Controversial plans to build a crematorium in Kanturk have been put to rest, as An Bord Pleanála has upheld a ruling made by Cork City Council in January to reject planning permission for the site.

An appeal was brought by Castle Lodges (Ireland) Ltd to build a crematorium on the site of the former Duhallow Park Hotel in Drumcommer Beg, Kanturk (Co. Cork).

The decision by An Bord Pleanála has been welcomed by local Fine Gael Councillor Liam Madden, who said: “It felt almost out of touch with rural Ireland to even propose building it in this area; there was no involvement of the community before a submission was made.”

The reasons for the rejection of Castle Lodges’ appeal were largely focused on the effects a crematorium would have on air quality and the environment and an increase in traffic on the notoriously busy N72 Mallow to Killarney road.

There were more than 50 complaints lodged with Cork County Council by members of the community including several farmers. Their concerns very much aligned with the reasons An Bord Pleanála rejected permission.

‘People in the area have different needs to what was proposed’

Councillor Madden said that the application got so much criticism as “people in the area have different needs to what was proposed – everyone acknowledges we need more accommodation in the general area so any plans to build something else were not going to be favourable”.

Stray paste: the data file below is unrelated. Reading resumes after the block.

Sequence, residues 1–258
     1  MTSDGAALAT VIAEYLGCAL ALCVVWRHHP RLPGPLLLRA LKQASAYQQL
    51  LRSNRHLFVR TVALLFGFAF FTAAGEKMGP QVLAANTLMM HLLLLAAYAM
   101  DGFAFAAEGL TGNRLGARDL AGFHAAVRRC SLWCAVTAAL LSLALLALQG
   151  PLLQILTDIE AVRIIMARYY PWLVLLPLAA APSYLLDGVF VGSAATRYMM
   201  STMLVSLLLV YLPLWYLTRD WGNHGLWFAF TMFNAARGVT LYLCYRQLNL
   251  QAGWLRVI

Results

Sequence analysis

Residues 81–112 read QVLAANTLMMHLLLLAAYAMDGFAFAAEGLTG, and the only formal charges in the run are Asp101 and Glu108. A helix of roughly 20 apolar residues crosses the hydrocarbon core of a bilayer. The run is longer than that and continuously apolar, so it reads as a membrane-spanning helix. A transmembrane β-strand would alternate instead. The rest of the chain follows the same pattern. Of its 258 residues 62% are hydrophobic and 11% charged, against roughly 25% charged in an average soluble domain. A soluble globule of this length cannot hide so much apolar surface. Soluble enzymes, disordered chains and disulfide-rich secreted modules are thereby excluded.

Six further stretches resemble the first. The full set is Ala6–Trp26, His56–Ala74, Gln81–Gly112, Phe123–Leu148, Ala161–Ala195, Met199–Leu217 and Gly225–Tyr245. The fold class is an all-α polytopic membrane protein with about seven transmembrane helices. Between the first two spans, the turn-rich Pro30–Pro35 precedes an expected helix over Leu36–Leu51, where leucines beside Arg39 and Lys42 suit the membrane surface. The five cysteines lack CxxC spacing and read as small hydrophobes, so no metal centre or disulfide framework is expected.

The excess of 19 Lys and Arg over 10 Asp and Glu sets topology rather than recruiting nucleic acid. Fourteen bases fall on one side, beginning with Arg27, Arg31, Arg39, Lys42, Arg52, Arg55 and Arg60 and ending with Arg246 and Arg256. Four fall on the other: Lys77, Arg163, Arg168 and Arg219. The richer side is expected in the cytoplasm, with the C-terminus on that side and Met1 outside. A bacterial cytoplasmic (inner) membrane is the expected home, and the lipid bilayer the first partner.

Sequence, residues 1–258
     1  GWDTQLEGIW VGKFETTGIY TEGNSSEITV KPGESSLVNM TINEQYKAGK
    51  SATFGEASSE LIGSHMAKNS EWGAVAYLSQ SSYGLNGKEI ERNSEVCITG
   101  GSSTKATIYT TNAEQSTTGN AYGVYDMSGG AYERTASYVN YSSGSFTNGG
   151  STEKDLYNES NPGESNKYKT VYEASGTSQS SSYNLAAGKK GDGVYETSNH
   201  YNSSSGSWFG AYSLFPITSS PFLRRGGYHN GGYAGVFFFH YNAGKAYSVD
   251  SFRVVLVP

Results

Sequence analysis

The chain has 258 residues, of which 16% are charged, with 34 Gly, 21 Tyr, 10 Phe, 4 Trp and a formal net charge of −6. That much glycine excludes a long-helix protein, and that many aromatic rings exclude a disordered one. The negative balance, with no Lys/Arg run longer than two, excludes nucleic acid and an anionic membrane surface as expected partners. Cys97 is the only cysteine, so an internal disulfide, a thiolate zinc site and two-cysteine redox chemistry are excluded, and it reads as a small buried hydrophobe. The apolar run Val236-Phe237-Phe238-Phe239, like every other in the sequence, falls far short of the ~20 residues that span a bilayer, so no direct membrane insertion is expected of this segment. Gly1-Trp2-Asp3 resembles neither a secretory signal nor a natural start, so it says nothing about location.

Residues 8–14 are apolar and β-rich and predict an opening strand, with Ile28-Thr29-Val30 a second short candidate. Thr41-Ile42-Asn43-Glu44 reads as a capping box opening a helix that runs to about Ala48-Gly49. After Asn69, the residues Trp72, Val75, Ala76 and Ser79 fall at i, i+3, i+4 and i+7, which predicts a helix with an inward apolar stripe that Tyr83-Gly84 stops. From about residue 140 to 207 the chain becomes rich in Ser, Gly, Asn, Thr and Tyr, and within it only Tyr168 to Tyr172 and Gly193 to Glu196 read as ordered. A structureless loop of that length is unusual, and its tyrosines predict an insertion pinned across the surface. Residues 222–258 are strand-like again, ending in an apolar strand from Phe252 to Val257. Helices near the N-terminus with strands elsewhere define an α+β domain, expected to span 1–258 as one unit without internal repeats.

“In time, it may be something people wish for but it just wasn’t right for now.”

Also outlined by An Bord Pleanála was the potential effect of a crematorium on the EU-protected Blackwater River Special Area of Conservation. In its ruling, the appeals board said the River Blackwater risked being polluted by surface water from roadworks that would be carried out. This, in turn, would reduce the quality of fishery in the area.

Councillor Madden added that the proposal was one of great concern for agriculture in the area, which has “such a strong dairy and tillage influence on the country”.

“The decline in air quality and increase in emissions would have an effect on the standard of farming in the area, and there is a big farming community here that already faces enough challenges every day.”